Tough economy has some turning to church

Some people are cutting up their credit cards in response to tough economic times.

It's not paid financial advisers telling them to do it, or parents, or spouses, it's their church.

And churches are helping people in new ways to cope with money problems.

Katrina Clements piled up plastic and piled on the debt.

She thanks God for getting out of it

"I used the word of God with dealing with finances. And it took me fifteen months to get rid of the last $30,000 of credit card debt," said Clements.

Katrina took classes on financial freedom at First Baptist Church of Glenarden
"I'm trying to kill the debt demon," said Reverand John Jenkins of First Baptist Church of Glenarden, Maryland.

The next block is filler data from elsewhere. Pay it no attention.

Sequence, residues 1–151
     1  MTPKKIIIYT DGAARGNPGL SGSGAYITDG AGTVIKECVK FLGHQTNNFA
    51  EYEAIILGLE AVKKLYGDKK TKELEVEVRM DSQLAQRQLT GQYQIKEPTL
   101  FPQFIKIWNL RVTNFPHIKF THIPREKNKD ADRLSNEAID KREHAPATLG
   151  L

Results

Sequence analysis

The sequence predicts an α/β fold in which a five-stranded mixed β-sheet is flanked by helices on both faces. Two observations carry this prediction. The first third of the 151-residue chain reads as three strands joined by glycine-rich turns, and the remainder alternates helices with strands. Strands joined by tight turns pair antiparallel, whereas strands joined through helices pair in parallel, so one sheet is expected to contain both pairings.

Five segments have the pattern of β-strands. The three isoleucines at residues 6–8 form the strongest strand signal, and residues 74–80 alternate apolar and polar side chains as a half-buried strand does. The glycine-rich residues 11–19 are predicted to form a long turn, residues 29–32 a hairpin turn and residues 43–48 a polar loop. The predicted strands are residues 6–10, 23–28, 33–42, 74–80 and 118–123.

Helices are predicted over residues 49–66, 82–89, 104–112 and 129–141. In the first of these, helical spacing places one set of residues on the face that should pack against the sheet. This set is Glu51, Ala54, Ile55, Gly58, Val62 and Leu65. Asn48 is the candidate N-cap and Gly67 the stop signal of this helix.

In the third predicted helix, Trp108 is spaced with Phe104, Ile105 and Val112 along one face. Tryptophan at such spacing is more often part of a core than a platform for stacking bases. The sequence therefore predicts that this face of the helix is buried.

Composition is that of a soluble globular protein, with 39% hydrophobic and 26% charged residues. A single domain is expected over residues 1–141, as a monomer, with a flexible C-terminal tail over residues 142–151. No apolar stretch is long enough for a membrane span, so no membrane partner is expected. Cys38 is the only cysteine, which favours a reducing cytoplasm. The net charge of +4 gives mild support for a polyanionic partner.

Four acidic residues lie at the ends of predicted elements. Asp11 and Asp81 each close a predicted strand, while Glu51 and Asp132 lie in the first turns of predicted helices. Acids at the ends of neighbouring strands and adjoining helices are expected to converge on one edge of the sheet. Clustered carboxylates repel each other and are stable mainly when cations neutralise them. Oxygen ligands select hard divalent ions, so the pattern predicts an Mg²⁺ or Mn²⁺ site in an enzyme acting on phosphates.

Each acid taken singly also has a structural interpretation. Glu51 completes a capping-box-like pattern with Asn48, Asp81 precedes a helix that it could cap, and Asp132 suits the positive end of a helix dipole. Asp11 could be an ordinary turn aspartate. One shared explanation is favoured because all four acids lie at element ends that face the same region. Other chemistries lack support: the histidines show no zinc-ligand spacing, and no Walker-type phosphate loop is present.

And got a message of spending restraint, that Pastor John Jenkins delivers in sermons

"Right now they're coming in droves." said Jenkins.

He says it's needed

"We can't sit back idly and watch them lose their homes and lose their minds.  We have to help people. That's a part of the role of the church," said Jenkins.
It's a role churches are playing, and many welcome, at a time of mounting financial pressures.
Consumer debt alone has shot up to two-and-a-half trillion dollars.
Pastor Jenkins says cut up credit cards and people do, filling up his jug over time.

Katrina Clements got rid of her plastic and she sold a car, gym memberships and stopped eating out on principles she traces to the bible.

"The borrower is a slave to the lender. And we need to bear that in mind.  You don't want to be in bondage or slavery to anyone," said Clements.

"You've gotta be willing to say Lord I'm Gonna live this way!" said Jenkins.

Words of transformation, Pastor Jenkins says, to solve money trouble through a higher power.